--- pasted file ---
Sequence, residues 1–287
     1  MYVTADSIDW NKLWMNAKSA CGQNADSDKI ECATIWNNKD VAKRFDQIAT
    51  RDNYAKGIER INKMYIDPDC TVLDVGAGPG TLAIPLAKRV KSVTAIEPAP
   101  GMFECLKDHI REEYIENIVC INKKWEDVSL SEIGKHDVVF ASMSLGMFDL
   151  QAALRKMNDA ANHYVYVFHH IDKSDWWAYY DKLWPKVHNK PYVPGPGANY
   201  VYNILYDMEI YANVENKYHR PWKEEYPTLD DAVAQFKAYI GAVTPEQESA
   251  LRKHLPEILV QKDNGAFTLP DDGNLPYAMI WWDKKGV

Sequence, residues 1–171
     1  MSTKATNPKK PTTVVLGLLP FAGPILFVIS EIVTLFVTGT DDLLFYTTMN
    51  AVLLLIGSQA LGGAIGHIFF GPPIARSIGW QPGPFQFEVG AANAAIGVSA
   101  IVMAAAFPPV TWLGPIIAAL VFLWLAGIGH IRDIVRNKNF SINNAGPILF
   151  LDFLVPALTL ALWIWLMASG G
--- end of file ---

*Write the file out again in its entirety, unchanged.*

Sequence, residues 1–287
     1  MYVTADSIDW NKLWMNAKSA CGQNADSDKI ECATIWNNKD VAKRFDQIAT
    51  RDNYAKGIER INKMYIDPDC TVLDVGAGPG TLAIPLAKRV KSVTAIEPAP
   101  GMFECLKDHI REEYIENIVC INKKWEDVSL SEIGKHDVVF ASMSLGMFDL
   151  QAALRKMNDA ANHYVYVFHH IDKSDWWAYY DKLWPKVHNK PYVPGPGANY
   201  VYNILYDMEI YANVENKYHR PWKEEYPTLD DAVAQFKAYI GAVTPEQESA
   251  LRKHLPEILV QKDNGAFTLP DDGNLPYAMI WWDKKGV

Sequence, residues 1–171
     1  MSTKATNPKK PTTVVLGLLP FAGPILFVIS EIVTLFVTGT DDLLFYTTMN
    51  AVLLLIGSQA LGGAIGHIFF GPPIARSIGW QPGPFQFEVG AANAAIGVSA
   101  IVMAAAFPPV TWLGPIIAAL VFLWLAGIGH IRDIVRNKNF SINNAGPILF
   151  LDFLVPALTL ALWIWLMASG G